When Congress last completely overhauled the Copyright Act in 1976, disco topped the charts, Charlie’s Angels was making its television debut, and fax machines were revolutionizing how people communicated.  But it was this same Copyright Act that the Supreme Court had to interpret when addressing the copyright implications of watching TV over the Internetin American Broadcasting Companies Inc. v. Aereo, Inc.  The Supreme Court concluded that Aereo’s service of streaming TV over the Internet violated copyrights in the streamed TV shows.

The technology at issue is what makes the Aereo decision so interesting.  Aereo maintains thousands of dime-sized antennas in a centralized location to pick up free over-the-air broadcast TV.  Aereo’s service allows its individual subscribers to watch TV on Internet-connected devices by selecting a show from a menu on its website.  When a subscriber selects a show, one of Aereo’s antennas is assigned exclusively to the subscriber and tunes to the appropriate over-the-air broadcast.  The broadcast is saved in a subscriber-specific folder on Aereo’s servers, creating a personal copy of the program.  The personal copy is then transmitted to that subscriber alone over the Internet once several seconds of the broadcast have been saved.

Why does Aereo use thousands of individually-assigned antennas?  There is no technological reason to do so.  Instead, it is a system explicitly intended to avoid violating the Copyright Act, which grants copyright holders the exclusive right to “perform the copyrighted works publicly.”  17 U.S.C. § 106(4).

To “perform” an audiovisual work under the Copyright Act is to “show its images in any sequence or to make the sounds accompanying it audible.”  17 U.S.C. § 101.  To perform a work publicly includes to “transmit or otherwise communicate a performance or display of the work … to the public, by means of any device or process, whether the members of the public capable of receiving the performance or display receive it in the same place or in separate places and at the same time or at different times.”  Id.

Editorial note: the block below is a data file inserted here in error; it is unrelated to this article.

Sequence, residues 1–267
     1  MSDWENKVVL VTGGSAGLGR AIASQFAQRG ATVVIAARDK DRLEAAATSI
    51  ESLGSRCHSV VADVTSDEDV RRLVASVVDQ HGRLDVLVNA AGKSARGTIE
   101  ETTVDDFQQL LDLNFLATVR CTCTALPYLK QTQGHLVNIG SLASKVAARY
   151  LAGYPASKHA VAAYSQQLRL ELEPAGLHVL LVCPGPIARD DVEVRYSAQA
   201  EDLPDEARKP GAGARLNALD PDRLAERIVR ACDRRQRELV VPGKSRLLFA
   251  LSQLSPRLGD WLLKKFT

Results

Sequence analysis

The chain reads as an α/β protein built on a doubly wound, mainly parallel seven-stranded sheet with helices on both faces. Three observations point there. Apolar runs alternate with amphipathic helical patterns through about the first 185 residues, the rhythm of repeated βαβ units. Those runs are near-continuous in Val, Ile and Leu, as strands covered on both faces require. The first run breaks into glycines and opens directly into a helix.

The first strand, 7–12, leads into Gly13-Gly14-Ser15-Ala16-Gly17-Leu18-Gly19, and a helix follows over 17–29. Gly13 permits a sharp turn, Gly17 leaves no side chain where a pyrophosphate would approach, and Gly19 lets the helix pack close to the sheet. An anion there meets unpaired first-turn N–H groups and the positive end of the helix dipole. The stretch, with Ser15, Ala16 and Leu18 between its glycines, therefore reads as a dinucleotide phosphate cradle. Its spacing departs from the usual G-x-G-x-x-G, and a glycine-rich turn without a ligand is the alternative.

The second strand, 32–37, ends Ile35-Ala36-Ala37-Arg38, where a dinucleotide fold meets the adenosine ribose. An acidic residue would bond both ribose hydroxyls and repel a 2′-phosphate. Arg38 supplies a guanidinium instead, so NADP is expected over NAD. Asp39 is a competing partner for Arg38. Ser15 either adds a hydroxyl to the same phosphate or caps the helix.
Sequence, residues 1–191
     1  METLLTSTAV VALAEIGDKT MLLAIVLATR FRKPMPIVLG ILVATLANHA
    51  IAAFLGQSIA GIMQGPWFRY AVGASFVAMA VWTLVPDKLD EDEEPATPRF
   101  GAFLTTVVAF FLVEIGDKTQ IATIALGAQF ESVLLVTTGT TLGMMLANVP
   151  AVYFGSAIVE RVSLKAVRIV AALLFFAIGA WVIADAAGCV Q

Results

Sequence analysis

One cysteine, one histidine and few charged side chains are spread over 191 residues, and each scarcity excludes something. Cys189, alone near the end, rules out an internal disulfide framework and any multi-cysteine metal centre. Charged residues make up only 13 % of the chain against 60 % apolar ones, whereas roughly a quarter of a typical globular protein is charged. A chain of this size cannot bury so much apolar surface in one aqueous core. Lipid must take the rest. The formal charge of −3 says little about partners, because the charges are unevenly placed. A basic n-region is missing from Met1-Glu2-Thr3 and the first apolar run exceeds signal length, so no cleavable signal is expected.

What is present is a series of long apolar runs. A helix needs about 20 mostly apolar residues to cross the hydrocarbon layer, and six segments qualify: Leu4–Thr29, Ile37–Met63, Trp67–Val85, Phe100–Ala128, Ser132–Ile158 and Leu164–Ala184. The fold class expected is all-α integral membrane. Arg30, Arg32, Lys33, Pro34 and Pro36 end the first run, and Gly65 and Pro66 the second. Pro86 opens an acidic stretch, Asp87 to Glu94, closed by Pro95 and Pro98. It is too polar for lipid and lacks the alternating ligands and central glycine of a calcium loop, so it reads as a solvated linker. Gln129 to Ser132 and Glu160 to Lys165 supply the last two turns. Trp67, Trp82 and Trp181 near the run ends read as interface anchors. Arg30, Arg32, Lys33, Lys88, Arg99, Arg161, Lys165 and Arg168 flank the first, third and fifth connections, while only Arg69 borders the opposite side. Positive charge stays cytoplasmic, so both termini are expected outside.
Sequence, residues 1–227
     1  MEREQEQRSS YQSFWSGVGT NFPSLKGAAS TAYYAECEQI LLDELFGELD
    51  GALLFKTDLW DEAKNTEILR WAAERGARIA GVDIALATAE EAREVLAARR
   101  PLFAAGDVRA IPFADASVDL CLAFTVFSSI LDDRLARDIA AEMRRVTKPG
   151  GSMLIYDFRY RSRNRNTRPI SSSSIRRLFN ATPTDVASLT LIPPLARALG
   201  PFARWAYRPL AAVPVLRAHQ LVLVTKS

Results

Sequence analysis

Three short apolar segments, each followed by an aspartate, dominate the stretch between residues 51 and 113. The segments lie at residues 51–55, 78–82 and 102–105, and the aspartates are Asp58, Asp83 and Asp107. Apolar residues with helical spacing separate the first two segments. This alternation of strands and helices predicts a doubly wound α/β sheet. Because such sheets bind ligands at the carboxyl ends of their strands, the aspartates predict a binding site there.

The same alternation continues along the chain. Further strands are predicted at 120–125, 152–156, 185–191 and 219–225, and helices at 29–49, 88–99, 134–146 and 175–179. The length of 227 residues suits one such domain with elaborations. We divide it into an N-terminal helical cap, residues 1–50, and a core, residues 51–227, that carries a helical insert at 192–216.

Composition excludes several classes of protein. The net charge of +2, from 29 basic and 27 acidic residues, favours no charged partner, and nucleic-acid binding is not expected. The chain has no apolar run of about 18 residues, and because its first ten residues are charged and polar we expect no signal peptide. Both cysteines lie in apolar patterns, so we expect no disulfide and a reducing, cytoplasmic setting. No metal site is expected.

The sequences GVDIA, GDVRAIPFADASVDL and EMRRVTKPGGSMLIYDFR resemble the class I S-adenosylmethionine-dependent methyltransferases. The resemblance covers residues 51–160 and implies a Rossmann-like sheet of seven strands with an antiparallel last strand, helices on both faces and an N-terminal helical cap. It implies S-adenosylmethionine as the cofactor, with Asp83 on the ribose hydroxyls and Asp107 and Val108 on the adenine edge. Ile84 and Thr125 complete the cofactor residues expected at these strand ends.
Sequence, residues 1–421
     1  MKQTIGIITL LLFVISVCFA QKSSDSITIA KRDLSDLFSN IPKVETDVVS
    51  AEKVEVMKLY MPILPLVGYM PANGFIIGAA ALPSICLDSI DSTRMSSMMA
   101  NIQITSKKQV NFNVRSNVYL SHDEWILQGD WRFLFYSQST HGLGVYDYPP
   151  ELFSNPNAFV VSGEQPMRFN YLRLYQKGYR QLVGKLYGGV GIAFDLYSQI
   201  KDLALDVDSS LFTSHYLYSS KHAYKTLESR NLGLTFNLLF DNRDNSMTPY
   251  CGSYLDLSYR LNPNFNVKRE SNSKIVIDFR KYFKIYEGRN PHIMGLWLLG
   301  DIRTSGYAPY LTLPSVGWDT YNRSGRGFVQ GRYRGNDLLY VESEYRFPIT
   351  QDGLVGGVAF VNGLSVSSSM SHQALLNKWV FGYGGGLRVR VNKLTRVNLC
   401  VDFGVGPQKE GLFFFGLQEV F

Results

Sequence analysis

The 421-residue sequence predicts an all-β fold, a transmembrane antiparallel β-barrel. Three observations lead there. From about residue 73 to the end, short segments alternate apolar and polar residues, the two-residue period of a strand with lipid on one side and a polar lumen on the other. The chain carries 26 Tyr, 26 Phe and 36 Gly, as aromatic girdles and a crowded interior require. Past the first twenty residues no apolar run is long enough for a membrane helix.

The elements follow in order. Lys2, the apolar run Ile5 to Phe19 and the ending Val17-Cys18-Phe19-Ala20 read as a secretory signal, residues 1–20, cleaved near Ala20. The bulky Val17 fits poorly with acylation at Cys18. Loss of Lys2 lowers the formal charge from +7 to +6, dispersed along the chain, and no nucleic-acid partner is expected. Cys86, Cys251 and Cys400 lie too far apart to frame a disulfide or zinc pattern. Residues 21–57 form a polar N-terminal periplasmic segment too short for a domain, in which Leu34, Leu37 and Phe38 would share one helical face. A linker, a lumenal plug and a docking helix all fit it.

Aereo argued that it didn’t “perform” or “transmit” the TV signals at all because its system only responds to requests by the subscriber: the subscriber selects the television program to be viewed, and, unlike cable TV, Aereo does not transmit anything until a selection is made.  By this logic, the subscriber is the one who performs.  Also, because Aereo uses thousands of individually-assigned antennas, creating individual recordings of broadcast TV, Aereo argued that it did not transmit the TV signals to the “public” in violation of the Copyright Act because each transmission was a private one to the assigned subscriber.  Aereo contended that it shouldn’t matter where an individual’s antenna is located (e.g. on the roof or in a warehouse) to pick up free TV signals, so long as the signals received by that antenna are routed only to that individual’s TV, and not to the “public.”

The Supreme Court disagreed with both of Aereo’s arguments, starting its analysis with the Congressional purpose of the 1976 Copyright Act.  A principal purpose of the Act was to overturn the Court’s previous decisions that community antenna television (CATV) systems, which were precursors to modern cable TV, were outside the scope of the Act.  Those decisions held that the CATV companies did not “perform” the works at all because viewers of works do not “perform,” and the CATV providers fell “on the viewer’s side of the line.”  In 1976, Congress amended the definition of to “perform” an audiovisual work to mean “to show its images in any sequence or make the sounds accompanying it audible.”  In other words, both the broadcaster and the viewer of a TV program “perform.”  The amendments also stated that a public performance included a transmission of a performance to the public; transmitting a performance meant “to communicate it by any device or process whereby images or sounds are received beyond the place from which they are sent.”  There is no dispute that CATV companies “transmitted” performances to the public.  Therefore, they fell within the scope of the amended act.